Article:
Guest editorial: Say ‘no’ to development proposal at Tech Center
I write this letter with a great sense of urgency. There is currently a proposal by Dakota Pacific to reopen and amend the development agreement for the Tech Center parcel at Kimball Junction. The Snyderville Basin Planning Commission is scheduled to hear public comment on this item on July 28 and is receiving public input until that date. I encourage everyone in our community who cares about potentially adding residential density through a change in the Tech Center development agreement to take the time to learn about the history of this land, the agreements that were put in place and what is at stake with this proposal.
In the early 2000s, the land that we know as the Tech Center was owned by the real estate arm of the LDS Church and was designated as a “village center” at the time, with intensive commercial space, a school and over 800 individual homes in a sprawling subdivision.
County and city officials worked out a deal that would be equitable for the people of Summit County. The community’s goals were:
1. Remove the residential density (reducing impacts to schools, infrastructure and traffic)
2. Preserve the open views along S.R. 224
3. Create areas for public recreation
4. Allow for development of business park that would offer high-paying jobs (not service jobs)
In December of 2008, the city and county together paid $25 million to acquire the 350 acres, as well as an additional 350 acres in Round Valley. The community used $25 million of open space bond money to remove residential density from both the open space and the Tech Center parcels.
Summit County and Park City, with great care and consideration, created the Tech Center with the intention of removing residential density, creating high-paying jobs and preserving open space. The 2020 visioning process makes clear that residents in both 84060 and 84098 overwhelmingly value open space and limited growth. Residents have made clear we are not in support of creating more residential entitlements, period. We are especially against the undoing of the development agreement and our $25 million investment on this land.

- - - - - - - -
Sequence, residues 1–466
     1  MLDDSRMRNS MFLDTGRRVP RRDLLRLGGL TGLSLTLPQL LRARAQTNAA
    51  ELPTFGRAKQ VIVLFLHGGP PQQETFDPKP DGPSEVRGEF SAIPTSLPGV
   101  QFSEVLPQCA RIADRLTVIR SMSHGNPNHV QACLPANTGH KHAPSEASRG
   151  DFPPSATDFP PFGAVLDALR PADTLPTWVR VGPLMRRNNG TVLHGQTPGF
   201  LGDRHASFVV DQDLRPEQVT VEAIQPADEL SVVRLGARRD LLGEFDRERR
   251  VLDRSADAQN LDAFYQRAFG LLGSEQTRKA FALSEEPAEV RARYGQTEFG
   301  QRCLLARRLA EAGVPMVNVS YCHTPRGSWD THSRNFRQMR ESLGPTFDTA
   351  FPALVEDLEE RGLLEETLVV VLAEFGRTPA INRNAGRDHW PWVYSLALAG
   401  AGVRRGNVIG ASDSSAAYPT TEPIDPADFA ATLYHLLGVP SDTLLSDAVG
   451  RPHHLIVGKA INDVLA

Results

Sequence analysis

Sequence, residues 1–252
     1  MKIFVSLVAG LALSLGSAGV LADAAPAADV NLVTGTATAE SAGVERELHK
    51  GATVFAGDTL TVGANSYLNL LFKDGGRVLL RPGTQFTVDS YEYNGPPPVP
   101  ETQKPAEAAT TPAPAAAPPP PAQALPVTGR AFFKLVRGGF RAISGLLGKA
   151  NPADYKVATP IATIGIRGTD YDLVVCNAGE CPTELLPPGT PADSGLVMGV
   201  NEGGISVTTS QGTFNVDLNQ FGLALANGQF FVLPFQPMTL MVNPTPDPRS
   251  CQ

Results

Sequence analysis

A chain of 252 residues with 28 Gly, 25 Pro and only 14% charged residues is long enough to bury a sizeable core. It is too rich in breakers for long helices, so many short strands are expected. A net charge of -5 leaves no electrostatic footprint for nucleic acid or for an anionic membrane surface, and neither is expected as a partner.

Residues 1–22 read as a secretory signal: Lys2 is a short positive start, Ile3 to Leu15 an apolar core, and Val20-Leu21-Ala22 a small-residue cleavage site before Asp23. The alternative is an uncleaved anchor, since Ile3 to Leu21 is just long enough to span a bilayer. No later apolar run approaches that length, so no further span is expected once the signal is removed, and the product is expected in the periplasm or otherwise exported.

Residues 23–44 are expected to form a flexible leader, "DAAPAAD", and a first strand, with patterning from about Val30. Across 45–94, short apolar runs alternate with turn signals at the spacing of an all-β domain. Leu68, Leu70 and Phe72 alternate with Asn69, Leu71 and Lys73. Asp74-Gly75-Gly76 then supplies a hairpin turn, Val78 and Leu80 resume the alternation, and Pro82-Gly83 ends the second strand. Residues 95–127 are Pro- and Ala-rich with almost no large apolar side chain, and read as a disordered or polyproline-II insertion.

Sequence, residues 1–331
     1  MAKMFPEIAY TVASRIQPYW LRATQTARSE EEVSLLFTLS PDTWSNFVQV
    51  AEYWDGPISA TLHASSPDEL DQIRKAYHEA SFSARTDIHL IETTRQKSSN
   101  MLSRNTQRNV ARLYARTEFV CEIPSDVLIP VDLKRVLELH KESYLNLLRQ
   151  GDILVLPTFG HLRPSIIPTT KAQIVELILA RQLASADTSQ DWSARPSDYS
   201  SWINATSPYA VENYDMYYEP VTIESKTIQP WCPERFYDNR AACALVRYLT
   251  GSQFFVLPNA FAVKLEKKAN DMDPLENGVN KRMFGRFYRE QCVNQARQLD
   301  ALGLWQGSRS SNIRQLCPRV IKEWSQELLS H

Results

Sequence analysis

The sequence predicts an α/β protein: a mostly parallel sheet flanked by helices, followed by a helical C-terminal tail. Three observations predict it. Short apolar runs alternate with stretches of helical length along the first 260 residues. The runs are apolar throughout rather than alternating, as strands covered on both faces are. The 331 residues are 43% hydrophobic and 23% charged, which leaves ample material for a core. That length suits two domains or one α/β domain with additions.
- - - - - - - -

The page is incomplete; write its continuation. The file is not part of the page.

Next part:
“We” invested $25 million to strip the residential density entitlement from this land and to create a development that would create high-paying jobs, not service-level jobs for the hotel and mixed-use commercial proposed in the project. The proposal by Dakota Pacific seeks to add 1,100 residential units, along with a hotel and mixed-use commercial to this site and goes completely against the intent of the development agreement.
According to Todd Hauber, Park City School District business administrator, this project is projected to increase our student enrollment in Park City School District by 500-plus students, necessitating the need to build another school.
I ask the Planning Commission, planning staff and Summit County Council to honor the wisdom and work of our community elders, who with care, and at great expense, created the Tech Center to limit residential density, sprawl, impacts to schools, traffic congestion and create a space for high-paying jobs. It is simply inappropriate to undo the $25 million investment in this land. Just say NO, period.
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